By Martine G. Brousse
"The Medical Bill Whisperer... and insurance stuff too"
Patient Advocate, Certified Mediator
Do you know the status of every account you hold with every medical provider? Are you sure they can be trusted to refund you what you overpaid? As a previous billing manager, I can attest to an ugly but all too common practice: credits owed to patients are too often not sent back. After all, it improves their accounting and provides additional income.
But is time to come clean with patients who are, after all, customers. Does the clerk at the supermarket, or at any other business, demand your formal request to hand over your change? Doesn't your credit card company statement show a credit balance?
1. Why is it happening?
Insurance reimbursements take a couple of weeks at best, months at worst. Charges may be denied, appealed, or payments recouped down the line.
Few providers can afford such delays before they are paid properly. Patients are billed soon if not immediately, even if their final liability has not been confirmed.
The other major side to this sad story is "office policy". Don't ask? Don't get!
2. Common reasons for credit balances:
· Hasty Payment: your claim had not been processed before you pay the first bill
· Pre-Payments: the office demands payment up front, to cover a deductible for example, before the insurance has established your final liability
· Double coverage: you have two policies, and both payments exceed the amount owed to the provider
3. What can you do?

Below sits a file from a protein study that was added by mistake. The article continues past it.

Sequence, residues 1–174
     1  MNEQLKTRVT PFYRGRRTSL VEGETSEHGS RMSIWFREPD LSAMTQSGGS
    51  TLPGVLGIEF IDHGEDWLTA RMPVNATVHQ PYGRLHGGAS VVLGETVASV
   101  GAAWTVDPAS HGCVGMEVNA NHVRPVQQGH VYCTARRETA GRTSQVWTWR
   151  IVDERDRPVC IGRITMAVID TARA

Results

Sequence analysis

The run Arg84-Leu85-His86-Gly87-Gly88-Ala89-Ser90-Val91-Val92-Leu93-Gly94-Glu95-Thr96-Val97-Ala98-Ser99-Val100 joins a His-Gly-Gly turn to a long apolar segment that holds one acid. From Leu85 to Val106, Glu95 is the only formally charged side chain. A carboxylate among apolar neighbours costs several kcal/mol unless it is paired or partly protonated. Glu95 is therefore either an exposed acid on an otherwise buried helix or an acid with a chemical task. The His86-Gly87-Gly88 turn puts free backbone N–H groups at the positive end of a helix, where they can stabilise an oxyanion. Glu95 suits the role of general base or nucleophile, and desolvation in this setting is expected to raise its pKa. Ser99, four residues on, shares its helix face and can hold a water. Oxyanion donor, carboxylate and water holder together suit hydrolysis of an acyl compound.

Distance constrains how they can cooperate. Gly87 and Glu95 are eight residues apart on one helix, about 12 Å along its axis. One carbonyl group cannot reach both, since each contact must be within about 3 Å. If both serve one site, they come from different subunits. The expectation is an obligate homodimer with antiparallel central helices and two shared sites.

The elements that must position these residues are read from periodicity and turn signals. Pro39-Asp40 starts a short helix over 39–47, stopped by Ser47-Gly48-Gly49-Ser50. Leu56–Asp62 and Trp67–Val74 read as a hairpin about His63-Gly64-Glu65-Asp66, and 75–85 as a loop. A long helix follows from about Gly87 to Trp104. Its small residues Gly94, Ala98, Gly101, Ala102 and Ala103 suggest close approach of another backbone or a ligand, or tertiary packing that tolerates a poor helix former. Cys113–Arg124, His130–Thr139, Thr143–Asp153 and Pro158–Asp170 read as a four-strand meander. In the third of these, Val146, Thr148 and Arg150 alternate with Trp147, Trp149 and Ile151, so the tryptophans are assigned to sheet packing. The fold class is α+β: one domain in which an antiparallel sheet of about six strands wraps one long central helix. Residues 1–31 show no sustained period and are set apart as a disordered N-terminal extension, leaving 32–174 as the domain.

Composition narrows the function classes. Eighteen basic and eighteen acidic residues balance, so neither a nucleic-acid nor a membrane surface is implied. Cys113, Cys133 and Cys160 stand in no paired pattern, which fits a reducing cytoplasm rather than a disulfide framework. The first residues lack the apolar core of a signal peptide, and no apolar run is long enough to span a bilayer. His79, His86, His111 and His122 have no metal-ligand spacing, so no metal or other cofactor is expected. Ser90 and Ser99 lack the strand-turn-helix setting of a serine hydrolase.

a. Due Diligence
· Keeping track of your bills, insurance explanations of benefits ("EOB") and payments is crucial. Any statement not matching an EOB should be questioned.
· Request a copy of your ledger, or itemized bill, at the end of each year, or after a visit to a medical facility. Useful for tax purposes, it will allow you to scan for errors and confirm balances.
· Get receipts for any payments, especially if paying cash. Indicate whether this is an advance on a future (accepted) liability, a monthly payment or payment in full.
· Avoid paying in advance, except for co-pays as per your insurance policy. Anything else should wait for confirmation on an insurance Explanation Of Benefit (“EOB”)
b. Consult legal mandates
CA’s refund law forces medical providers to refund overpayments within 30 days of a legitimate request or of finding out there is a credit on an account. Does your State? Google, your State’s Attorney General’s office or your State’s Legislature website will know.
c. Ask ASAP
· At any suspicion or proof of overpayment, contact the billing office for a refund in writing.
· If your request is denied because of “office policy” and there is no State law on your side, ask for a copy of that policy. The rationale behind holding overpaid funds is usually fear of a future recoupment by the insurance. This delay should only last as long as your policy’s or State’s stated time limit for a recoupment. (365 days in CA for example)
d. Contact your insurance
· An In Network provider (one contracted with your insurance) is obligated by contract to refund you if you overpaid. Contacting your insurer for help usually yields immediate results. In my experience, refunds are issued quickly after a conference call with the insurance’s representative.
· If a provider still refuses to refund, file a complaint with your insurance and/or your State’s Attorney General.
“Good accounting makes for great friends”. This goes for your medical practice. You should be able to trust the billing staff as much as you trust your Dr or hospital. And trust is built on cooperation, communication and transparency.
Martine Brousse, the "medical bill whisperer" is a Patient Advocate and Certified Mediator located in CA and the founder of AdvimedPro, which she started after 20 years as a billing manager for physicians.
@ Martine G. Brousse 2023
@ The Medical Bill Whisperer 2023